Section 4. Corruption and Lack of Transparency in GovernmentShare    

The “law” provides criminal penalties for official corruption. Authorities did not implement the “law” effectively, and “officials” sometimes engaged in corrupt practices with impunity. Observers generally perceived corruption, cronyism, and lack of transparency to be serious problems in the legislative and executive branches.

Corruption: In June the press reported that the “prime minister” used “state” funds to travel to Istanbul with a seven-person delegation to attend his daughter’s graduation. The press also reported the group was given a travel advance of 5,000 Turkish lira ($1,440), reportedly paid by the “state.” The same month, the People’s Party (HP) filed a complaint with the “Auditor General’s Office” concerning the “prime minister’s” use of “state” funds to cover the delegation’s travel. The HP urged that the money be returned to the “state” and an apology made to the public.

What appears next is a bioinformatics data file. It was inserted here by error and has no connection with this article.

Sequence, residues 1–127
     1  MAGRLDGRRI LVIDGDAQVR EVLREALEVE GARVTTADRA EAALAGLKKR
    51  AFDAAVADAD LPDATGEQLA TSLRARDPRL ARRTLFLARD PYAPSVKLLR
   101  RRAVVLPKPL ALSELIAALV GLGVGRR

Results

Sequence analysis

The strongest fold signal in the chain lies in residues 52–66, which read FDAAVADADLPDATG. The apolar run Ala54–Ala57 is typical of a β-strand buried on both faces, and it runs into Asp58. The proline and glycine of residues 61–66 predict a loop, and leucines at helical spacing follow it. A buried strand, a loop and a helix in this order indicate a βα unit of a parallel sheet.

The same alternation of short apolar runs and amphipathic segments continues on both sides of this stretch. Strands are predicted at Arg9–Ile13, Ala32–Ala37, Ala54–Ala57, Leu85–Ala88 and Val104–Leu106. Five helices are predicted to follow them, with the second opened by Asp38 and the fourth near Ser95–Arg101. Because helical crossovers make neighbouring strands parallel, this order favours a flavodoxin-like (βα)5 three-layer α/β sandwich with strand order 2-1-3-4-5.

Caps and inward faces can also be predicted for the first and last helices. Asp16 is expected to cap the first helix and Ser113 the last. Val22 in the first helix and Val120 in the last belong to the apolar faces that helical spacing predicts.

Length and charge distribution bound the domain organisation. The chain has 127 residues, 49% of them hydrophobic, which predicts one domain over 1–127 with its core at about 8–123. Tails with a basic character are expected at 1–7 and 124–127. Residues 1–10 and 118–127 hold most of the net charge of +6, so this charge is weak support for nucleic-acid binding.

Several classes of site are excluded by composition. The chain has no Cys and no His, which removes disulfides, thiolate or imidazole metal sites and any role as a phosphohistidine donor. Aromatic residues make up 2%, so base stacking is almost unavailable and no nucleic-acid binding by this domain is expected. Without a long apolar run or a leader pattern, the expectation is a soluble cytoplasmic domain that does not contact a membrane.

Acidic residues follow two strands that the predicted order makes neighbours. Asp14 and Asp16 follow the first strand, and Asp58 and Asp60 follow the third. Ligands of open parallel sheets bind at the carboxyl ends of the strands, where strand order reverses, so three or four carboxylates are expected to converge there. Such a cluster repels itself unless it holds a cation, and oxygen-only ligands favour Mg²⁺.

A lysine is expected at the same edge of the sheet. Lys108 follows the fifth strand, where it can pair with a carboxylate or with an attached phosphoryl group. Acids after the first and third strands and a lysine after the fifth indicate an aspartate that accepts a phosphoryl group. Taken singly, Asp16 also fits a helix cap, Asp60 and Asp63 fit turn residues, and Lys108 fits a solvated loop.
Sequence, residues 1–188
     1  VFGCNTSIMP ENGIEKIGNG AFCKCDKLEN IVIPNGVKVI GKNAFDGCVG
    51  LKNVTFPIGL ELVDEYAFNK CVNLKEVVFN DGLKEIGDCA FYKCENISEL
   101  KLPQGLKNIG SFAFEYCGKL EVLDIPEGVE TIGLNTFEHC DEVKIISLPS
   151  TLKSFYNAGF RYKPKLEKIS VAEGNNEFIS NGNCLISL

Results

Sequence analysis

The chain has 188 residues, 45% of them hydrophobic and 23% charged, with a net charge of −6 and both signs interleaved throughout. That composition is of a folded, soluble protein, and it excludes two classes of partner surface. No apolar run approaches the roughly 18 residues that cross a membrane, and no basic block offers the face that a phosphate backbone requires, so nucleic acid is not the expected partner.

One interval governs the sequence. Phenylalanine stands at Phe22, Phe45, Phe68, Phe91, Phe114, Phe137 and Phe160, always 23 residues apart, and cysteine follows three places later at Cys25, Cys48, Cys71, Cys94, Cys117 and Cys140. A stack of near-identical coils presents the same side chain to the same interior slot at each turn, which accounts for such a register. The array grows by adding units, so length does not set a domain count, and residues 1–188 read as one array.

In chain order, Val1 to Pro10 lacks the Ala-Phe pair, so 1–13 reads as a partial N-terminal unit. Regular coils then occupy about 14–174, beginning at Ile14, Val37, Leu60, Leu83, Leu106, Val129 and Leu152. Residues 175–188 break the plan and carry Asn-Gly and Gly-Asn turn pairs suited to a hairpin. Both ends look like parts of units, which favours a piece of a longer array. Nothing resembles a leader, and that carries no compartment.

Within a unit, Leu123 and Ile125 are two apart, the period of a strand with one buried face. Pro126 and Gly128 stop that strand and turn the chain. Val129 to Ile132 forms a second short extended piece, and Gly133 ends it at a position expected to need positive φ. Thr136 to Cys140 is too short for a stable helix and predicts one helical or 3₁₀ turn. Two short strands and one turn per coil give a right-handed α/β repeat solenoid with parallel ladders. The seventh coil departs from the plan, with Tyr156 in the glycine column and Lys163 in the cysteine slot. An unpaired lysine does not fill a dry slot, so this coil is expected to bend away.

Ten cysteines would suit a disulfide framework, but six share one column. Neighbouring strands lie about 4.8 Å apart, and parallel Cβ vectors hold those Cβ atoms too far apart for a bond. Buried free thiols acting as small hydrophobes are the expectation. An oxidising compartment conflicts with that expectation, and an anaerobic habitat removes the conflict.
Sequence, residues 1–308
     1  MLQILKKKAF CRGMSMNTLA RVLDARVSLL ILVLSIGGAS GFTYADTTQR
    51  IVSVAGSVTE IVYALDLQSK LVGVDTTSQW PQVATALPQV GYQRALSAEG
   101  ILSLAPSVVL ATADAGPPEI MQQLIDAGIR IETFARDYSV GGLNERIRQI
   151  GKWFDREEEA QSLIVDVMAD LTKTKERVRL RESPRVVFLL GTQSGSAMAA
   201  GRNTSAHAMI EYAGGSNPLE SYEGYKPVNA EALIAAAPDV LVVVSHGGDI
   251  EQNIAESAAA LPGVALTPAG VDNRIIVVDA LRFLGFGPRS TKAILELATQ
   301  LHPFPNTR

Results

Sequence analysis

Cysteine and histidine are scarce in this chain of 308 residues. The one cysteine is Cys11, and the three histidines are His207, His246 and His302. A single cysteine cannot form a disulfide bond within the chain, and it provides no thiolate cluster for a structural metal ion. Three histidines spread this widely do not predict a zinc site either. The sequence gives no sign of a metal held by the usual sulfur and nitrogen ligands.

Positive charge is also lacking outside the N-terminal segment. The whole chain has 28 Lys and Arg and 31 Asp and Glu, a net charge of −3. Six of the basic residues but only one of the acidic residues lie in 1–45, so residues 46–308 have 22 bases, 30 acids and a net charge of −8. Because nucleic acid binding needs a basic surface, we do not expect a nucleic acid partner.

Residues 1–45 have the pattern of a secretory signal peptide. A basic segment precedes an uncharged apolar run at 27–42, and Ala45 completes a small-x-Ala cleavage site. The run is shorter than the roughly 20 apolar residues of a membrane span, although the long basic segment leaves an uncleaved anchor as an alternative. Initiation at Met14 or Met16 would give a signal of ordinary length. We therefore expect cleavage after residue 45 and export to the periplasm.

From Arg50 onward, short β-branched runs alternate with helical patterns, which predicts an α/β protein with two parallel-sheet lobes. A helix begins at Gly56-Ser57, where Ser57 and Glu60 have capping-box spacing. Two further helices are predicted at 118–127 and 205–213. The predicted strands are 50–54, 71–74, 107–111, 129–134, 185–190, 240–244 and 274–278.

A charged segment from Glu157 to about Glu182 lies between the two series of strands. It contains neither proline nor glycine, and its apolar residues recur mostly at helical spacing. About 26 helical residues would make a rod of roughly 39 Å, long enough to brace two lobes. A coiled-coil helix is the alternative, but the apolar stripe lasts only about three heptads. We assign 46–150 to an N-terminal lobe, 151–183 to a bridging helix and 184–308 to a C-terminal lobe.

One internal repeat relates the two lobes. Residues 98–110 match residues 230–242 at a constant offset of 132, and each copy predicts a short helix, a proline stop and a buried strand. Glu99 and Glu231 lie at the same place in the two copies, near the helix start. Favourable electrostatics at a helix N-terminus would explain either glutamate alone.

Financial Disclosure: The “law” provides that all “government” employees must declare their wealth and assets, including those who are elected; “Council of Ministers” appointees; all “judges” and “prosecutors;” the “ombudsman”; the chair of the “Attorney General’s Office;” and “Attorney General’s Office” members. Every five years employees who fall under this definition must declare any movable and immovable property, money, equity shares, stocks, and jewelry worth five times their monthly salary, as well as receivables and debts that belong to them, their spouses, and all children under their custody. The disclosure is made internally and is not public information. Once a declaration is overdue, the employee receives a written warning to disclose wealth within 30 days. If the disclosure is not forthcoming, a complaint is filed with the “Attorney General’s Office.” The penalty for noncompliance is a fine of up to 5,000 Turkish lira ($1,440) or three months’ imprisonment, or both. If confidentiality is violated, employees may receive a fine of up to 10,000 Turkish lira ($2,870), 12 months’ imprisonment, or both.